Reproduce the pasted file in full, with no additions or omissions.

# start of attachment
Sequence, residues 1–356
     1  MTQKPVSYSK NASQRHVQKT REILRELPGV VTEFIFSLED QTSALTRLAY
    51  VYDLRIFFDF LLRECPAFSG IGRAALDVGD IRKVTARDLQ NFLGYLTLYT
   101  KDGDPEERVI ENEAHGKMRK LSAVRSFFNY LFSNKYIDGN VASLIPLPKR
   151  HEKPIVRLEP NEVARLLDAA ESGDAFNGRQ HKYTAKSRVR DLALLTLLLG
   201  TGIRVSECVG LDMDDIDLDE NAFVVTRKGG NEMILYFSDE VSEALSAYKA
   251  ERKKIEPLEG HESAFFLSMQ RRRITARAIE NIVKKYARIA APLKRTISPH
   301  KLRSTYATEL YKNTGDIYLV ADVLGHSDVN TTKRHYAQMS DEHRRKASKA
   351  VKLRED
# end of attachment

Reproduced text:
Sequence, residues 1–356
     1  MTQKPVSYSK NASQRHVQKT REILRELPGV VTEFIFSLED QTSALTRLAY
    51  VYDLRIFFDF LLRECPAFSG IGRAALDVGD IRKVTARDLQ NFLGYLTLYT
   101  KDGDPEERVI ENEAHGKMRK LSAVRSFFNY LFSNKYIDGN VASLIPLPKR
   151  HEKPIVRLEP NEVARLLDAA ESGDAFNGRQ HKYTAKSRVR DLALLTLLLG
   201  TGIRVSECVG LDMDDIDLDE NAFVVTRKGG NEMILYFSDE VSEALSAYKA
   251  ERKKIEPLEG HESAFFLSMQ RRRITARAIE NIVKKYARIA APLKRTISPH
   301  KLRSTYATEL YKNTGDIYLV ADVLGHSDVN TTKRHYAQMS DEHRRKASKA
   351  VKLRED